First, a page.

Eiko Ishioka: The Boldness & The Brillance

By Alixandra Rutnik Posted on Mar 12, 2021

Multi-faceted Japanese designer Eiko Ishioka is known for her alluring costume designs

March is Women's History Month in many parts of the world, and while we at The One Club for Creativity aim to highlight women every day of the year, we thought it right to spend some time this month to shine a spotlight on some of the legendary advertising and design creatives of the past and present.

We started this series last Friday with Shirley Polykoff (1908-1998), and today we are featuring Eiko Ishioka (1938-2012), who was inducted into the ADC Hall of Fame in 1992.

Eiko Ishioka had a provocative eye for design that she often blended with her signature color — red. Red was a definitive motif in her work, said to evoke eroticism. She once said that “eroticism is very important in attracting people’s souls.”

“Eroticism is very important in attracting people’s souls.”

Born in Tokyo on July 12, 1938 to a commercial graphic designer father and a traditional housewife mother, Eiko followed in her father’s creative path, receiving a degree in design from Tokyo University of Fine Arts and Music in 1961. Even though the graphic arts field in Japan was heavily male-dominated, she pursued her passion with confidence and finesse. 

In 1961, at the age of twenty-two, Eiko began working in the advertising division at renowned cosmetics company Shiseido. Shiseido strived to represent the "moga," Japanese women who followed Western fashion and lifestyle trends that paralleled American flappers in the 1920s. — in essence, modern girls who never quite fit the modern mold. Eiko came on board and completely challenged the traditional view of Shiseido girls who were submissive, doll-esque, and taught “to listen rather than speak.” Eiko wanted models who were big, bold, bad, and strong, and so she did just that.

Eiko continued on this theme of bold women when she started working for Parco – a high-end Japanese department store – as Chief Art Director in 1971. Her Parco campaigns are known for having nothing to do with their products– cue the bizarre, yet enthralling hard boiled egg commercial starring Faye Dunaway.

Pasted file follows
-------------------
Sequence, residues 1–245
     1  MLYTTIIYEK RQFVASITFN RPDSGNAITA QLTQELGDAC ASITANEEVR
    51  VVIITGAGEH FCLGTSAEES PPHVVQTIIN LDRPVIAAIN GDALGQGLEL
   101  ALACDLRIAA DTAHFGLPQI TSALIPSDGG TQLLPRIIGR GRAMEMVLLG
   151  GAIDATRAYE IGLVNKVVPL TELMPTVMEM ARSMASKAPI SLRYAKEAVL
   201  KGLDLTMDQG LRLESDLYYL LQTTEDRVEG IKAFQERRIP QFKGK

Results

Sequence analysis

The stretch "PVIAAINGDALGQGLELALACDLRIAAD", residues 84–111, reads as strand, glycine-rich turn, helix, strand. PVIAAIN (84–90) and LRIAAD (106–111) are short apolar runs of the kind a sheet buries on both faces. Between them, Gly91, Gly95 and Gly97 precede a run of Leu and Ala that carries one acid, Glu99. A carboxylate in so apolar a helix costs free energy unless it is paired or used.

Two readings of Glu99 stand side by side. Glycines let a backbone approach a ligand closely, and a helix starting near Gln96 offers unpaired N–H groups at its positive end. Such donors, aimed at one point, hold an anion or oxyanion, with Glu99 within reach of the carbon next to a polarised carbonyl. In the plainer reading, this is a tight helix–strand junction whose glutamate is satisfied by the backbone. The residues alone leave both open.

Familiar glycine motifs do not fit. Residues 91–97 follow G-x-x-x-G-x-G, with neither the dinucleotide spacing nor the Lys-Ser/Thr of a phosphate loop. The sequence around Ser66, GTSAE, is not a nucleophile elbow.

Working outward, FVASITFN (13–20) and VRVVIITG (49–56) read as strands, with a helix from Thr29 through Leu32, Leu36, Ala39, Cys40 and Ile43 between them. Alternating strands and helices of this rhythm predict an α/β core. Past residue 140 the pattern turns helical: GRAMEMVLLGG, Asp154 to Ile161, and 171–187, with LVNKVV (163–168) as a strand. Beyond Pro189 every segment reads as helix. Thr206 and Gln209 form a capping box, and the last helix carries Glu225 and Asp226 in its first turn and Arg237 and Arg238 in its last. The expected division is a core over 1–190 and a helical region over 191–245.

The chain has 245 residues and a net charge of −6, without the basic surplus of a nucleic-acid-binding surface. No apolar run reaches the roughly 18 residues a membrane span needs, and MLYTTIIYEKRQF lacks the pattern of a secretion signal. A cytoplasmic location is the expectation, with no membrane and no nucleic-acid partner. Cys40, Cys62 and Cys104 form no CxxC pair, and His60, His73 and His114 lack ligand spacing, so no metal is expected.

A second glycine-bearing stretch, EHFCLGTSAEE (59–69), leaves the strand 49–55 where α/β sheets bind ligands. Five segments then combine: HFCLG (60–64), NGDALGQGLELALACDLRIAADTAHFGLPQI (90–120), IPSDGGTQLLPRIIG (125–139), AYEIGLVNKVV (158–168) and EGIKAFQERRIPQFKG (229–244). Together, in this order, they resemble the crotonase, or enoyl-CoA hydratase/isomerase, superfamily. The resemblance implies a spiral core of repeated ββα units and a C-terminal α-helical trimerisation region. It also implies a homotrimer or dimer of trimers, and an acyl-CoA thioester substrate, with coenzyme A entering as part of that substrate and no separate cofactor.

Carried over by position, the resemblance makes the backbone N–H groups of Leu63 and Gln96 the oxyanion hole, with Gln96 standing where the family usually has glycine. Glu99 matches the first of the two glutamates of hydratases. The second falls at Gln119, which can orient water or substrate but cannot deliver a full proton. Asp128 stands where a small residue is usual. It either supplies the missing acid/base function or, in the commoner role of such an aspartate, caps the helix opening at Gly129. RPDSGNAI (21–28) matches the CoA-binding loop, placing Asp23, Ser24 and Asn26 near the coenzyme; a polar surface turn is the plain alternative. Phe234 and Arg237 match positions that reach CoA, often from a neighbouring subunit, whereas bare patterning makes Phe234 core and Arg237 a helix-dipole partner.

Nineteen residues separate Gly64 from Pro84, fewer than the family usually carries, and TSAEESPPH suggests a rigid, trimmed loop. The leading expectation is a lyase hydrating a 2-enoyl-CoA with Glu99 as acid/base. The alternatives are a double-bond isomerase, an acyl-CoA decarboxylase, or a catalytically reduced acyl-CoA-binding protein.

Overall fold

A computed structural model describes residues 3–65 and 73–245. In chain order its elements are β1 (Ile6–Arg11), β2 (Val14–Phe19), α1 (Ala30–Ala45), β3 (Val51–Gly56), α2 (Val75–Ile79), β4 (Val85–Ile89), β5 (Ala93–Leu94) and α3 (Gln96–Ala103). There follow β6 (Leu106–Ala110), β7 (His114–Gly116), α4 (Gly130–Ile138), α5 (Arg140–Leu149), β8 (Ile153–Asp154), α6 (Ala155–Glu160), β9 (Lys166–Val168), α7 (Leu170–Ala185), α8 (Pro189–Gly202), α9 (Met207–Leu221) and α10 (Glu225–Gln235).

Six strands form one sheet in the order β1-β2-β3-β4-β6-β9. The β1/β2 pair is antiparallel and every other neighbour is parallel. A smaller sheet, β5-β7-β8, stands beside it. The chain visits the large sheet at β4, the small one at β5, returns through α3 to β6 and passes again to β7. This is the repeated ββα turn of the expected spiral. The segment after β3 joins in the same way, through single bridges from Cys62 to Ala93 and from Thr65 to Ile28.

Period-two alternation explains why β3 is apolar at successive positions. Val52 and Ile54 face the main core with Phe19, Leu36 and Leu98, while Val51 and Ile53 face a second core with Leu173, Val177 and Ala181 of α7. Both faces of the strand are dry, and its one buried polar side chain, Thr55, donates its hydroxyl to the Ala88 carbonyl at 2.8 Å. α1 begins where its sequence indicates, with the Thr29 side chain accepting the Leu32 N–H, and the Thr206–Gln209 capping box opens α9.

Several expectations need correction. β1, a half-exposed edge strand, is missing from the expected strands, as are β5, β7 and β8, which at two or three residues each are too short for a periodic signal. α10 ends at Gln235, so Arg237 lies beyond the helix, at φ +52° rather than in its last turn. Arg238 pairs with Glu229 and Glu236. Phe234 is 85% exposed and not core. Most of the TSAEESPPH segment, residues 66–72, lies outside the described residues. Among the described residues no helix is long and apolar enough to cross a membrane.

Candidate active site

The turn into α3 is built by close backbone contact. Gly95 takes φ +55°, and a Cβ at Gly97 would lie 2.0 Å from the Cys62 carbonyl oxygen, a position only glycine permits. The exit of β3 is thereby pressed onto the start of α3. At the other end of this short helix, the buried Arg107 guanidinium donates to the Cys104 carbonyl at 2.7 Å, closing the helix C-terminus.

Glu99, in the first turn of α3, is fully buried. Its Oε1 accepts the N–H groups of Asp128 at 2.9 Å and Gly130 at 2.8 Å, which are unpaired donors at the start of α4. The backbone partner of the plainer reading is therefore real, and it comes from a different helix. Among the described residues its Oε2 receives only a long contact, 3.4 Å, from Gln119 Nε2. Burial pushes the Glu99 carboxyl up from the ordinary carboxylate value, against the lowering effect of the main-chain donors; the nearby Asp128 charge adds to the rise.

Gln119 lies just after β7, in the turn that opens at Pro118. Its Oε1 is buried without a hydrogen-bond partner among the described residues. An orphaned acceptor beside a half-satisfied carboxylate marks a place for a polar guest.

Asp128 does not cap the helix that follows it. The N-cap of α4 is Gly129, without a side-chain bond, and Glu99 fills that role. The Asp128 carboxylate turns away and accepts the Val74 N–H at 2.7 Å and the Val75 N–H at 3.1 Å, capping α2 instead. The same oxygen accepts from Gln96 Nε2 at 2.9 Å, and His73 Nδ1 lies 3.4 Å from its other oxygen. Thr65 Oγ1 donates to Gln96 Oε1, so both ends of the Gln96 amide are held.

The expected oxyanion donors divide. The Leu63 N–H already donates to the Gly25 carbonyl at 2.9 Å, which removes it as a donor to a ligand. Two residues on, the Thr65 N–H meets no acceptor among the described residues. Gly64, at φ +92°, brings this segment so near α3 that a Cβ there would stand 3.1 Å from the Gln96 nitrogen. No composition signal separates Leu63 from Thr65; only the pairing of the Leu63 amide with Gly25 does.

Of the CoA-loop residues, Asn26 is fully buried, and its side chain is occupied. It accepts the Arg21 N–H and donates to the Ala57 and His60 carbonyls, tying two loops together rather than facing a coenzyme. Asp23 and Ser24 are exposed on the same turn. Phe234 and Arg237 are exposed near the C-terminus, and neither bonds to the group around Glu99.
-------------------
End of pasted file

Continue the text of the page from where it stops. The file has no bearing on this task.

Eiko had no problem creating erotic ads for Parco that showcased nude women with empowering taglines: “Girls be ambitious” “Don’t stare at the nude; Be naked” and “Can West wear East?” She sourced models from Morocco, India, Kenya, and New York City to further push the boundaries and enhance the clash of East and West. Eiko aimed to blend the two cultures together through her work; she commented on the “Can West wear East?,” campaign: “It was a rather bold question. The image looks to the future, to a time when East and West become one.”

“It was a rather bold question. The image looks to the future, to a time when East and West become one.”

After opening her own agency in the early 1970s, Eiko's life modeled a merging of sorts between East and West, eventually relocating the company to Manhattan in the 1980s, while keeping a home base in Tokyo.

Eiko’s design influence can be found everywhere, from Hollywood and Broadway productions to the concert stage. She created costumes and worked closely with director Tarsem Singh for The Cell (2000); The Fall (2006); Immortals (2011); and the Snow White-inspired Mirror Mirror (2012). Eiko contributed scenic and costume design for such Broadway productions as M. Butterfly (1988) and Dreams and Nightmares (1996), and even created the costumes for singer and fashion icon Grace Jones's 2009 live tour.